She was torn apart. Several were raped. They are accused of having relationships with men from the other side. Between February and March  the bodies of three girls who had been raped were found in the area. They mark their territory by leaving scars on the bodies of the women. It is a terror without sound.
Wartime Sexual Violence Against Men: The Hidden Face of Warfare
Reports of sexual violence by men against men emerge from numerous conflicts, ranging in time from Ancient Persia and the Crusades to the conflicts in Iraq and the Democratic Republic of the Congo. Despite these accounts, relatively little material exists on the subject and the issue tends to be relegated to a footnote. This article ascertains the extent to which male sexual violence is committed in armed conflict. It considers factors that explain under-reporting by victims and lack of detection on the part of others. The particular forms of male sexual violence are also examined: namely rape, enforced sterilization and other forms of sexual violence, including enforced nudity, enforced masturbation and genital violence. The dynamics present in these offences are explored, with issues of power and dominance, expressed through emasculation, considered.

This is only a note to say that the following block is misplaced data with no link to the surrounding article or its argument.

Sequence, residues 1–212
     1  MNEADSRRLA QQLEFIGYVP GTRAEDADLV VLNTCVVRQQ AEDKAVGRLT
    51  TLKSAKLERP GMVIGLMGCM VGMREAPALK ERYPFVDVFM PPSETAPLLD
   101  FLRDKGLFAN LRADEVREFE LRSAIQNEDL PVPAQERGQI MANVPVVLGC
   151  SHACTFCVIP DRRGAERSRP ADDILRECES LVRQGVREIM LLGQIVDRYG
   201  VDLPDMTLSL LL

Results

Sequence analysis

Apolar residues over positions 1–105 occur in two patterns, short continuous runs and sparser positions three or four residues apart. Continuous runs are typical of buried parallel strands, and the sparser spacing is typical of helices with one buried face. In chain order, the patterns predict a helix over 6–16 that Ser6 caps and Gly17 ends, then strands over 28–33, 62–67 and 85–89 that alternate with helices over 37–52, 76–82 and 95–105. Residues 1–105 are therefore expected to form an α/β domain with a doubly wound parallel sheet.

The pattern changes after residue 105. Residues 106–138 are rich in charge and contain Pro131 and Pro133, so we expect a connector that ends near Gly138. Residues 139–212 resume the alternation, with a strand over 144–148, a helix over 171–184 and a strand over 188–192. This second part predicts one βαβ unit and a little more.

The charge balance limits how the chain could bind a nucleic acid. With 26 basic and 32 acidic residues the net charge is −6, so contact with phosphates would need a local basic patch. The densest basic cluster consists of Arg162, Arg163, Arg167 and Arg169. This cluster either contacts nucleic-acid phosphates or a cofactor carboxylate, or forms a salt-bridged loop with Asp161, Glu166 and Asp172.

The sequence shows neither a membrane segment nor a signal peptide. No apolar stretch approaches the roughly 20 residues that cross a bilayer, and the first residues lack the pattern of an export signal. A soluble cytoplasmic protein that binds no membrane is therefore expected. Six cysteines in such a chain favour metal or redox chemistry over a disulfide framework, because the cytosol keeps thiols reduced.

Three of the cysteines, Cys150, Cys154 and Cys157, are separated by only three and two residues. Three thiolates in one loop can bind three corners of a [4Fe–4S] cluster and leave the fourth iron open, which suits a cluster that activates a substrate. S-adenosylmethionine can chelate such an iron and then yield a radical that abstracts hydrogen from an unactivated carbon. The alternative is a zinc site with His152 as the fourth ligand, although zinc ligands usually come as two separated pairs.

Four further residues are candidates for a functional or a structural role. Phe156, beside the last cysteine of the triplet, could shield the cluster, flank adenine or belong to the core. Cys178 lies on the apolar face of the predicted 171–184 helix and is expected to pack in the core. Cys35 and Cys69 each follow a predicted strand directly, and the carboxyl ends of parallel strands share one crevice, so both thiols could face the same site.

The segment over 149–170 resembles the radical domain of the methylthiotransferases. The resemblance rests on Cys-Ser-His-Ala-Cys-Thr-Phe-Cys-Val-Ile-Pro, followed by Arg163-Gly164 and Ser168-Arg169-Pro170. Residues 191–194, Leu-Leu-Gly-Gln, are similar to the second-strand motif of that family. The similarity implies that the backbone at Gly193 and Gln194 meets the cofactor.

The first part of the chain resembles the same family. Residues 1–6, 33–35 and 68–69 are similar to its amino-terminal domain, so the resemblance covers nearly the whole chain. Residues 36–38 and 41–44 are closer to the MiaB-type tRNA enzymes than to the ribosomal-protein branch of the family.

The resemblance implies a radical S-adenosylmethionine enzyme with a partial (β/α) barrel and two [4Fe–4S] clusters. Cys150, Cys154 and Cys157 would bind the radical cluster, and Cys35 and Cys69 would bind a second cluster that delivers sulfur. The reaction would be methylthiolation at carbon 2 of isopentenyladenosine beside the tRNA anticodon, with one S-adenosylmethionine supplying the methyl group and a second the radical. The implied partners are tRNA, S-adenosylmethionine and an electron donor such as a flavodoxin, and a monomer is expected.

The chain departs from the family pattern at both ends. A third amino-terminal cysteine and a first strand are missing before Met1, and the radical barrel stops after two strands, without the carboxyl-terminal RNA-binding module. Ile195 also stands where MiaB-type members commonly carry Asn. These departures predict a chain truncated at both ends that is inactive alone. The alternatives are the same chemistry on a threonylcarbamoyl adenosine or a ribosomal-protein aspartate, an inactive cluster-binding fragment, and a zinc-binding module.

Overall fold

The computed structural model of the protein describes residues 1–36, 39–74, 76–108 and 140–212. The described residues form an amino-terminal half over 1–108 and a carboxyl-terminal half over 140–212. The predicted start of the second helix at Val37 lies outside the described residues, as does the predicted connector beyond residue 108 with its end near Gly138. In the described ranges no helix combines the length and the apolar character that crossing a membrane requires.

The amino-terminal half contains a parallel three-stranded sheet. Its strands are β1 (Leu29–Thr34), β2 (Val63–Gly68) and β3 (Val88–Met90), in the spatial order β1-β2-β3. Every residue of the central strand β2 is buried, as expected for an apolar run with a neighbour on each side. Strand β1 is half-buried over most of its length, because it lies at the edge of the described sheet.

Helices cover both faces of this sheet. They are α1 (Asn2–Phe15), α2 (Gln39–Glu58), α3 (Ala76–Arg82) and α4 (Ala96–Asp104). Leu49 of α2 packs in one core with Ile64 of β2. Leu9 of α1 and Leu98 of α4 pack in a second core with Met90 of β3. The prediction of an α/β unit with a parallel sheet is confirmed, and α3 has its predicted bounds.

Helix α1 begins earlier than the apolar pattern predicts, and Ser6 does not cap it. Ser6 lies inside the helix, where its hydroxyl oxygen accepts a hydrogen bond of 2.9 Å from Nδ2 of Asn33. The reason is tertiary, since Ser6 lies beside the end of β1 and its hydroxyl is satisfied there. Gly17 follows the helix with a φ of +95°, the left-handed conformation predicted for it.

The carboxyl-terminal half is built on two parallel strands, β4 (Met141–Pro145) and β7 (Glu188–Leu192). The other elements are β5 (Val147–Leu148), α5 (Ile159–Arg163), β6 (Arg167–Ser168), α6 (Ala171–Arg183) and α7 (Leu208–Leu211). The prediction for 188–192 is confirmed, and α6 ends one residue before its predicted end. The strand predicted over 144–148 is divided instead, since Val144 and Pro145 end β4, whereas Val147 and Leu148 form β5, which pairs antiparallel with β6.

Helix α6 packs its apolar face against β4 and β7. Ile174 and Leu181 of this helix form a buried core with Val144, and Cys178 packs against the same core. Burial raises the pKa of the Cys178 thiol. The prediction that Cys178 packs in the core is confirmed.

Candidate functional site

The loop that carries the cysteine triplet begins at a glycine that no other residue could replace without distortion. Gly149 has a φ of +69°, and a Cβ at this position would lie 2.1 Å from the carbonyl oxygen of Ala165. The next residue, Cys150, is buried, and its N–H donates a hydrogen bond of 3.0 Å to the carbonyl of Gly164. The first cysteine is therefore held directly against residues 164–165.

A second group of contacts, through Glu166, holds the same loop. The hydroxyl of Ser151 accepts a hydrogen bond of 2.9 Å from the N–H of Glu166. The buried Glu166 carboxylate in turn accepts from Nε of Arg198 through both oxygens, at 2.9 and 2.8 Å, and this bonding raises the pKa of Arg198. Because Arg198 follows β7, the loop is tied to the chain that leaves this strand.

Colombia: "Scarred bodies, hidden crimes" - Sexual violence against women in the armed conflict
The genealogy of sexual violence in war, inter-war and post-war periods can only be understood through an analysis of the relationship between gender, violence and sexuality. Armed conflicts function as a kind of magnifying glass, making visible definitions of sexual identity constructed through the legitimization of violence. Wartime crimes of sexual violence, viewed until now as limit phenomena characteristic of a state of exception, thus point to regularities whose form and function may vary but whose reference points are rooted in the social expression of power. Human beings are never obliged to act violently, but can always do so; they are never obliged to kill, but can always do so — individually or collectively, together or separately; in all situations, fighting or partying; in different states of mind, enraged, without rage, willingly, unwillingly, screaming or in silence the silence of death and with all imaginable purposes — any person can do it.
No longer described as a corollary of war, wartime sexual violence is now rightly understood to be a significant feature of many contemporary conflicts and wars. It is among the most studied types of violence, and lies at the core of numerous United Nations Security Council resolutions, and of thousands of NGO reports and academic publications. However, agreeing upon what wartime sexual violence exactly is, and who are its targets and its perpetrators, is not as easy as it seems, especially when it is men who are targeted.